1Department of Plant Breeding, Wageningen University, P.O. Box 386, 6700 AJ Wageningen, The Netherlands; 2Agricultural Research & Education Organization, Plant Pests & Diseases Research Institute P.O. Box 19395-1454 Tehran, Iran; 3Cereal Disease Laboratory, Agricultural Research Service, United State Department of Agriculture, 1551 Lindig Avenue, St. Paul, MN 55108, U.S.A.
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Accepted 23 June 2006.
We developed an evolutionary relevant model system, barley-Puccini rust fungi, to study the inheritance and specificity of plant factors that determine to what extent innate nonhost immunity can be suppressed. A mapping population was developed from a cross between an experimental barley line (Suspired) with exceptional susceptibility to several heterogonous (nonhost) rust fungi and regular, immune, cv. Veda. Seedlings were inoculated with five heterogonous and two homologous (host) species of rust fungi. Resistance segregated quantitatively for each of the rust fungi. In total, 18 chromosomal regions were implicated. For each rust species, a different set of genes was effective. Of the 18 chromosomal regions, 11 were significantly effective to only one rust species and 7 were effective to more than one rust species, implying genetic linkage or pleiotropy. One resistance (R) gene for hypersensitive resistance to Puccinia hordei-secalini was mapped, suggesting occasional contribution of R genes to nonhost resistance in barley. Quantitative trait loci (QTLs) with effects to multiple rust fungi did not tend to be particularly effective to rust species that were phylogenetically related, as determined from their internal transcribed spacer sequence. We suggest that the QTLs described here play a role as specific and quantitative recognition factors that are specifically negated by the rust to successfully suppress innate immunity.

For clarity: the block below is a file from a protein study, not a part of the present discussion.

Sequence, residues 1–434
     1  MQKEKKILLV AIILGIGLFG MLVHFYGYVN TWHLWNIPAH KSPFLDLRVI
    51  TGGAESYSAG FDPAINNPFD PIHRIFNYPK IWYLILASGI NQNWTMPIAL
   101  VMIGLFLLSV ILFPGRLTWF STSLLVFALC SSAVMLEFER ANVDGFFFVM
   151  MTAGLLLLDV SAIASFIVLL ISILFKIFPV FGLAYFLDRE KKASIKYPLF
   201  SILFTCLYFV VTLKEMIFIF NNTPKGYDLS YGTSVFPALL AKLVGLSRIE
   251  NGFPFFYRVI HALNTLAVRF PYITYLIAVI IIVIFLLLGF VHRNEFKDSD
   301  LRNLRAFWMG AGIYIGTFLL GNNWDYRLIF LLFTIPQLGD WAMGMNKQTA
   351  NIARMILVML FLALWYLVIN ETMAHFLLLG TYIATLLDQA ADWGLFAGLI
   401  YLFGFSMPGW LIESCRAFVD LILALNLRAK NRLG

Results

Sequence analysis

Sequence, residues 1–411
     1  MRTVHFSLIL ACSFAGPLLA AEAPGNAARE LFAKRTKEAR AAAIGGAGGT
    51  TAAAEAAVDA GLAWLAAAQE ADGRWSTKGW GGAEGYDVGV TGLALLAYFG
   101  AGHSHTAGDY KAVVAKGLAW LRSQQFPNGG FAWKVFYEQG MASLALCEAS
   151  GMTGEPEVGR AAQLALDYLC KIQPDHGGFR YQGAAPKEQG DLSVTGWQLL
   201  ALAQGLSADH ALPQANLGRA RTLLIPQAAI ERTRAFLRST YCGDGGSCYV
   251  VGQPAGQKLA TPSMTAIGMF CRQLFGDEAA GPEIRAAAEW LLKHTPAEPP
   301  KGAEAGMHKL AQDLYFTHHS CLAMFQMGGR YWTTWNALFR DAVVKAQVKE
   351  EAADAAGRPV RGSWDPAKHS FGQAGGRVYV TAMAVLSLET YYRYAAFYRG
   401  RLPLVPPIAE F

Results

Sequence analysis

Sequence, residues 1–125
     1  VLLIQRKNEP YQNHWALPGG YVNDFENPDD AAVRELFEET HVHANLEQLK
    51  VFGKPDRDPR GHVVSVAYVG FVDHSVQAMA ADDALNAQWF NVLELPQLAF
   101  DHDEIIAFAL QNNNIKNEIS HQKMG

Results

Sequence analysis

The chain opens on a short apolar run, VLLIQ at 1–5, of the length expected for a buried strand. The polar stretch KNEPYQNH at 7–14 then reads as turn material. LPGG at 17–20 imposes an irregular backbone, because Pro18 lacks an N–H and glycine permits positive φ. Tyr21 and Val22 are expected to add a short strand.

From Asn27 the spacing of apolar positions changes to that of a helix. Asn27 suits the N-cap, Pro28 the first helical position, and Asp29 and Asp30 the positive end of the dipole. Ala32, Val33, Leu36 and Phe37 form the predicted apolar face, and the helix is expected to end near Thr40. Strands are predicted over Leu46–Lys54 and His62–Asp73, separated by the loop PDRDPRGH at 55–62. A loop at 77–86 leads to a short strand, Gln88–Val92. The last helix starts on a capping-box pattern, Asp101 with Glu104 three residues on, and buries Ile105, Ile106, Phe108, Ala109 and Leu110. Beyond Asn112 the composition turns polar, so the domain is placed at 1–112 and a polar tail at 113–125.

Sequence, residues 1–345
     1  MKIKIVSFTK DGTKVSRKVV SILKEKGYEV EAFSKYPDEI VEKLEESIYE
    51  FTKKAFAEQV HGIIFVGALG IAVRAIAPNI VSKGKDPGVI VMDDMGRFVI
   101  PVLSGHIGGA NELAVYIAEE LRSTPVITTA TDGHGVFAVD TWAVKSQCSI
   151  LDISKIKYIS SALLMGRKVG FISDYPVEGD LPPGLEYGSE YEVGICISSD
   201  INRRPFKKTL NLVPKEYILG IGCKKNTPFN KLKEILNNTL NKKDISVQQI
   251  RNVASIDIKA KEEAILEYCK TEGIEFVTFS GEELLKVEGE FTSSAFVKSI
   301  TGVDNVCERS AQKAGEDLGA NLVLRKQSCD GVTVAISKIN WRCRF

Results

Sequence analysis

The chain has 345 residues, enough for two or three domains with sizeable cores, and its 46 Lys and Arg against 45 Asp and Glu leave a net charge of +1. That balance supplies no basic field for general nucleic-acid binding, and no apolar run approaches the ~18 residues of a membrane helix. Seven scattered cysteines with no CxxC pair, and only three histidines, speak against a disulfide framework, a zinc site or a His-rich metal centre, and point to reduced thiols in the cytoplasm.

© 2006 The American Phytopathological Society